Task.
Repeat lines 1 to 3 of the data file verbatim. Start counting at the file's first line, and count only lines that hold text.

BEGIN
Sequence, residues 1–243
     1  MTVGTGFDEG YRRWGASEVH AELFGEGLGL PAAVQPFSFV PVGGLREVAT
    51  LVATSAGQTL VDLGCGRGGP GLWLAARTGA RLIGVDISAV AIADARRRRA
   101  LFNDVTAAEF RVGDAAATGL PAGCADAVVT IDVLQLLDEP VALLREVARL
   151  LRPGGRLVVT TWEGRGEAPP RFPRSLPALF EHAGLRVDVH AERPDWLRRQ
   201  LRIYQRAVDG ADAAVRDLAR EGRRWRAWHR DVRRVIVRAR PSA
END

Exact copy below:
Sequence, residues 1–243
     1  MTVGTGFDEG YRRWGASEVH AELFGEGLGL PAAVQPFSFV PVGGLREVAT
    51  LVATSAGQTL VDLGCGRGGP GLWLAARTGA RLIGVDISAV AIADARRRRA